Is your business affected by sanctions? | Fieldfisher
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Is your business affected by sanctions?

Andrew Hood


United Kingdom

Unfortunately, the situation in Ukraine is unlikely to end any time soon, and in the meantime sanctions will remain in place to keep pressure on Russia.

Regardless of where you may be physically, you're still bound by the legal aspects of the sanctions of the country whose nationality you hold, where your company is incorporated or where you're undertaking your work.
Russian sanctions are far-reaching and – among other things – can affect who you do business with; where you do business; what services you can offer; the types of goods you can import or export; or whether/how you can transfer money. 
Penalties for breaching sanctions laws can be severe, and are also growing, so there's a financial risk as well as reputational one.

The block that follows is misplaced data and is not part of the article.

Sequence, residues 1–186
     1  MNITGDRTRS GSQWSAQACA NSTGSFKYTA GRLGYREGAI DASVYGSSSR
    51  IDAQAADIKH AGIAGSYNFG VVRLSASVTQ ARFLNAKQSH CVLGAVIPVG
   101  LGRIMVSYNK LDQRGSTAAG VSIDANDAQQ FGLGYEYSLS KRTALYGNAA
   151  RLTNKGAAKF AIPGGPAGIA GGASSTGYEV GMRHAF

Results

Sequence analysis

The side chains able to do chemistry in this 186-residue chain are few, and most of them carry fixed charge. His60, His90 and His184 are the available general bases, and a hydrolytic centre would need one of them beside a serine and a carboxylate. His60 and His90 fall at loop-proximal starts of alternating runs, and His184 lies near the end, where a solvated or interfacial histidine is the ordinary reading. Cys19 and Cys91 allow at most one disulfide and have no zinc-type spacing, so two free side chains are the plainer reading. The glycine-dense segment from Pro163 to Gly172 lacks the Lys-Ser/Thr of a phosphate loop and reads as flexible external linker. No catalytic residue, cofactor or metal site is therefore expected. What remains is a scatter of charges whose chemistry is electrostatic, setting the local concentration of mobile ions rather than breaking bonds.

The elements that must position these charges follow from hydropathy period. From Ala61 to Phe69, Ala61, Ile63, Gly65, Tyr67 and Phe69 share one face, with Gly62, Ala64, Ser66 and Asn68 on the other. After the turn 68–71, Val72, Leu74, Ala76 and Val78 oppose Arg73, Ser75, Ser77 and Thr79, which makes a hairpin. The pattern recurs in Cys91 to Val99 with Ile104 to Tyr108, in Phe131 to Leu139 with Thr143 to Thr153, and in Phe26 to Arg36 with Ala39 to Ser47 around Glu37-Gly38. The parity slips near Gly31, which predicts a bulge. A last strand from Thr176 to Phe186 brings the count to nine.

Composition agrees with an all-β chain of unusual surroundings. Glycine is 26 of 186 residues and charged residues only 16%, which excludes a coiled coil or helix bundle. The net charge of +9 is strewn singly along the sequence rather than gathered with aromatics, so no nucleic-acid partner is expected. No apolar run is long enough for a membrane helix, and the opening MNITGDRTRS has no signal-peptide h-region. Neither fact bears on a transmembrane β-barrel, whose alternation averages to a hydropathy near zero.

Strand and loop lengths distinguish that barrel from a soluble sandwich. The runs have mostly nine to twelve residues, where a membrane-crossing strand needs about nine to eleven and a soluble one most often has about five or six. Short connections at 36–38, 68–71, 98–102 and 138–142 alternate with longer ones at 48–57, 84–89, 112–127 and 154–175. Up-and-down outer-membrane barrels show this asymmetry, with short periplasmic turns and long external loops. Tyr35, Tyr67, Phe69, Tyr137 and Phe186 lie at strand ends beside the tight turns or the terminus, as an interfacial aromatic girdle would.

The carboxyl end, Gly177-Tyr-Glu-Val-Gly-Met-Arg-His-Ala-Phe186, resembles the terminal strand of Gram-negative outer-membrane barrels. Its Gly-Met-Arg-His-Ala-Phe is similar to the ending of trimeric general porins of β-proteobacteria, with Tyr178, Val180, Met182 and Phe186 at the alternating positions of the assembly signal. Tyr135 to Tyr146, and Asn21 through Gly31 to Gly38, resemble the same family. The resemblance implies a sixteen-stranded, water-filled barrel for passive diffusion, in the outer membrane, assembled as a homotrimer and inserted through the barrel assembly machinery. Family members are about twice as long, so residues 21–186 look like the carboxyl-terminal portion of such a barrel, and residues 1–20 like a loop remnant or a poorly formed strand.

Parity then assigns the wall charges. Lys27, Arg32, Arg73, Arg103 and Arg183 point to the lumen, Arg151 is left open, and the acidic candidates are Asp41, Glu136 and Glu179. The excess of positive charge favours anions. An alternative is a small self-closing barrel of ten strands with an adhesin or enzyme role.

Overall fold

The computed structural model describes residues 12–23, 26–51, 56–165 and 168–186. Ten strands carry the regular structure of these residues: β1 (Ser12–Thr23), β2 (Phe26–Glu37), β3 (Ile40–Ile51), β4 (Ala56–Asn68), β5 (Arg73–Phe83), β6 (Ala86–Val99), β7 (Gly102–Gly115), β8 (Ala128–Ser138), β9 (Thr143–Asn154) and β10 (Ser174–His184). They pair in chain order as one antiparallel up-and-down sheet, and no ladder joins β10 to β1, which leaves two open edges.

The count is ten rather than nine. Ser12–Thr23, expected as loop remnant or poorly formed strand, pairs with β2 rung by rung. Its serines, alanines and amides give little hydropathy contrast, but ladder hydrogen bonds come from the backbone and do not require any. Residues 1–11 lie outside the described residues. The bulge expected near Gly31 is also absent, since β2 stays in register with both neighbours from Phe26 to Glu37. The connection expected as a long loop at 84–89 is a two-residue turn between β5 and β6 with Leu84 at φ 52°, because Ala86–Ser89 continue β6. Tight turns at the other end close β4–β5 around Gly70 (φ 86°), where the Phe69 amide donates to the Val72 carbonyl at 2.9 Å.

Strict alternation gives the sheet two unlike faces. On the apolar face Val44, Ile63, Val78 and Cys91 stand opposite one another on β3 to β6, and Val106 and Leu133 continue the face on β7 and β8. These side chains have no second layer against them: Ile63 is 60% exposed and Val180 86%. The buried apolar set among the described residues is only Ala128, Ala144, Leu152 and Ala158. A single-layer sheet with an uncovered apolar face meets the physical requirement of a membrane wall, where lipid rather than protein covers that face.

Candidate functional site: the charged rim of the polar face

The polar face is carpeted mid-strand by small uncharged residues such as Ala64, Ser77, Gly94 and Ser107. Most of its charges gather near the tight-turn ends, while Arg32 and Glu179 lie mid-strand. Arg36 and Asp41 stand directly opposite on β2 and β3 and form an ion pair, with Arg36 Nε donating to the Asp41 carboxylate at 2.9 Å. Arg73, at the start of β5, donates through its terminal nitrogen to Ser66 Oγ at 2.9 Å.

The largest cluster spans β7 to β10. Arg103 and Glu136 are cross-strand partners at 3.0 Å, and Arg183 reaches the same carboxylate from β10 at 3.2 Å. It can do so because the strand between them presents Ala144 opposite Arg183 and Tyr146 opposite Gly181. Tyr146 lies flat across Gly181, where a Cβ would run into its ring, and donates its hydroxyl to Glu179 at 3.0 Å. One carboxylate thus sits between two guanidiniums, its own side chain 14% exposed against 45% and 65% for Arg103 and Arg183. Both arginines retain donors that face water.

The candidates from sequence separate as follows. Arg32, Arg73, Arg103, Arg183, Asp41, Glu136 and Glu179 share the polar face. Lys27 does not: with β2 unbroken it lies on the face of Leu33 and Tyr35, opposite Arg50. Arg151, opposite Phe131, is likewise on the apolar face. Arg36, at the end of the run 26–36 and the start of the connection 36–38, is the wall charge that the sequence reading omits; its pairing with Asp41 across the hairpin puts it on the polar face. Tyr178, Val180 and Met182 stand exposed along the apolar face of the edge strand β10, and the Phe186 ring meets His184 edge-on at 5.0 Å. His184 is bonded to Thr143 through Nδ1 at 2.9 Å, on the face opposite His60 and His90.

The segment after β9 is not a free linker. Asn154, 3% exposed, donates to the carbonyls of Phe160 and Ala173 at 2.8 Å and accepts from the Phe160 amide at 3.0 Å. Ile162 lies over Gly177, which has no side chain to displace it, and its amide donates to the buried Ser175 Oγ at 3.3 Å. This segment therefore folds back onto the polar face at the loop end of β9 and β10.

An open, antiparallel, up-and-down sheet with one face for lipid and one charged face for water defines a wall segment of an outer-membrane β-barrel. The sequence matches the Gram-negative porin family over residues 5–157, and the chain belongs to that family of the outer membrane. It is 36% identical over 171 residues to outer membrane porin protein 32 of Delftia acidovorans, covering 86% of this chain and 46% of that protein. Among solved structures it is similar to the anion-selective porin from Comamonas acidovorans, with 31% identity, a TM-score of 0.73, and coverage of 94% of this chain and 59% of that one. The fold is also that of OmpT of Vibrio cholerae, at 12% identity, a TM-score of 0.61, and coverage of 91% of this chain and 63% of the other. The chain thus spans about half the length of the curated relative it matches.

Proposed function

Many are practical, everyday things to consider, as well as considering your ongoing business relationships in the longer term.
Questions to ask yourself:

  • Do I have business in Russia, Belarus or a Ukrainian independent region?
  • Do I fall under EU, UK, US (or other) jurisdiction?
  • Are my business activities covered by the scope of the sanctions?
  • Are any business partners sanctioned parties?
  • Do I receive/make payment to/from Russia?
  • What is my financial risk?
  • How flexible is my business? Can I address/manage impact?
  • What are my contractual obligations/rights – use of MAC, force majeure, sanctions clauses?
  • Have I got the right procedures/policies/training in place for the future?
Andrew Hood, partner at Fieldfisher, says: "There are fundamental things to consider for anyone whose business may be impacted by sanctions. Identify where asset freezes apply – these could be in your secondary markets as well as primary ones. Understand who does what in your business and where your areas of exposure are. Review your contracts for your rights and obligations.  Finally, make sure you have a good compliance regime in place and that it's fit for purpose – if anything goes wrong you'll want to be able to show evidence that you've historically complied with relevant policies and demonstrated due diligence. This will reduce risk and may impact any penalties imposed."